Intervention Strategies Used in Sport Injury Prevention Studies: A Systematic Review Identifying Studies Applying the Haddon Matrix
Prevention of sport injuries is crucial to maximise the health and societal benefits of a physically active lifestyle. To strengthen the translation and implementation of the available evidence base on effective preventive measures, a range of potentially relevant strategies should be considered.
Our aim was to identify and categorise intervention strategies for the prevention of acute sport injuries evaluated in the scientific literature, applying the Haddon matrix, and identify potential knowledge gaps.
Five electronic databases were searched (PubMed, EMBASE, SPORTDiscus, CINAHL, Cochrane) for studies that evaluated the effect of interventions on the occurrence of acute sport injuries. Studies were required to include a control group/condition, prospective data collection, and a quantitative injury outcome measure.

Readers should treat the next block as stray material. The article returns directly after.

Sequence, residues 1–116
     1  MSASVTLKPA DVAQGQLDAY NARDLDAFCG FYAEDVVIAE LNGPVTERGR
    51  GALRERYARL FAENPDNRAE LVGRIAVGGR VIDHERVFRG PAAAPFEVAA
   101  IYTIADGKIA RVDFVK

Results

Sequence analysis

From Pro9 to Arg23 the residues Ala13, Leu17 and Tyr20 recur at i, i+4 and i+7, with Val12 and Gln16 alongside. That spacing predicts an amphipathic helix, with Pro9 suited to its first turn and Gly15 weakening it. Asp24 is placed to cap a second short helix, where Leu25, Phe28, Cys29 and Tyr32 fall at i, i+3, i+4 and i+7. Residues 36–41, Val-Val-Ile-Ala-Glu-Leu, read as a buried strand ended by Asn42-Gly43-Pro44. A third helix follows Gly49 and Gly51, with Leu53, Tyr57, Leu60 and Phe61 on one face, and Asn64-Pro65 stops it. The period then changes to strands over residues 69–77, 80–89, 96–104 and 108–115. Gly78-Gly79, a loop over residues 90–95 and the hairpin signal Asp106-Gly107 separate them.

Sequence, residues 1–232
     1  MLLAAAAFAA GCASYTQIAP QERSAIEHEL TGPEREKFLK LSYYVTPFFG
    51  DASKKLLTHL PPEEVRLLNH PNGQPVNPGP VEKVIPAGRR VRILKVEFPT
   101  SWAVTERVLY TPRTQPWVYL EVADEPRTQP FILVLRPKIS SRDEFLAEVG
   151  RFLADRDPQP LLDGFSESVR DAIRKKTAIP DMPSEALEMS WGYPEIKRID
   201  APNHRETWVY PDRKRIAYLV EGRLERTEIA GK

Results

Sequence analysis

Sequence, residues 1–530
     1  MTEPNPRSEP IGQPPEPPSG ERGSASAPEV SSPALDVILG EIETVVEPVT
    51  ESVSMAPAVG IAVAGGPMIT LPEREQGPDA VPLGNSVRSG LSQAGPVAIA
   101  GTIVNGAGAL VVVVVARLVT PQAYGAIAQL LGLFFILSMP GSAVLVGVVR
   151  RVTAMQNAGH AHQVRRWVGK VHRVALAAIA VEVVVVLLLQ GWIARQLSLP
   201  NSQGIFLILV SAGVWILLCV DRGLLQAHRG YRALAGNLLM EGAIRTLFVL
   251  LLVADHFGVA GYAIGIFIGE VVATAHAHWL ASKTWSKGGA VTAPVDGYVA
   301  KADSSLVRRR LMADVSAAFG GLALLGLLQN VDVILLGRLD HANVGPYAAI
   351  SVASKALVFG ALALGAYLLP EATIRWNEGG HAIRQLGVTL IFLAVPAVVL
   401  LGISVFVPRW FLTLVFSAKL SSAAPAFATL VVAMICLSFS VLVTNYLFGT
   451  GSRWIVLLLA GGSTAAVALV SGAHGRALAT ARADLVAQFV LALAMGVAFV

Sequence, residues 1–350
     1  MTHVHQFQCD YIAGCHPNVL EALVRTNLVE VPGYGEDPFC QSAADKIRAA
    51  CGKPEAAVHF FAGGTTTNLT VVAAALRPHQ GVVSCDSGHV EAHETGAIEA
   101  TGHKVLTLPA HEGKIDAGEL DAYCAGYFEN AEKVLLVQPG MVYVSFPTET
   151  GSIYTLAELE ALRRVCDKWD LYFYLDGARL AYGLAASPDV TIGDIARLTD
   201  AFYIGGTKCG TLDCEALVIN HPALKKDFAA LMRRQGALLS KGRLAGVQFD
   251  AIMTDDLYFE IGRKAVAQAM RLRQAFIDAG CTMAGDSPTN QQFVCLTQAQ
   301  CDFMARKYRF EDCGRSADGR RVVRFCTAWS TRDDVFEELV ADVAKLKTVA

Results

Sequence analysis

A total of 155 studies were included, mostly randomised controlled trials (43%). The majority of studies (55%) focussed on strategies requiring a behavioural change on the part of athletes. Studies predominantly evaluated the preventive effect of various training programmes targeted at the ‘pre-event’ phase (n = 73) and the use of equipment to avoid injury in the ‘event phase’ (n = 29). A limited number of studies evaluated the preventive effect of strategies geared at rules and regulations (n = 14), and contextual modifications (n = 18). Studies specifically aimed at preventing re-injuries were a minority (n = 8), and were mostly related to ankle sprains (n = 5).
Valuable insight into the extent of the evidence base of sport injury prevention studies was obtained for 20 potential intervention strategies. This approach can be used to monitor potential gaps in the knowledge base on sport injury prevention.
Publisher URL: https://link.springer.com/article/10.1007/s40279-017-0718-y
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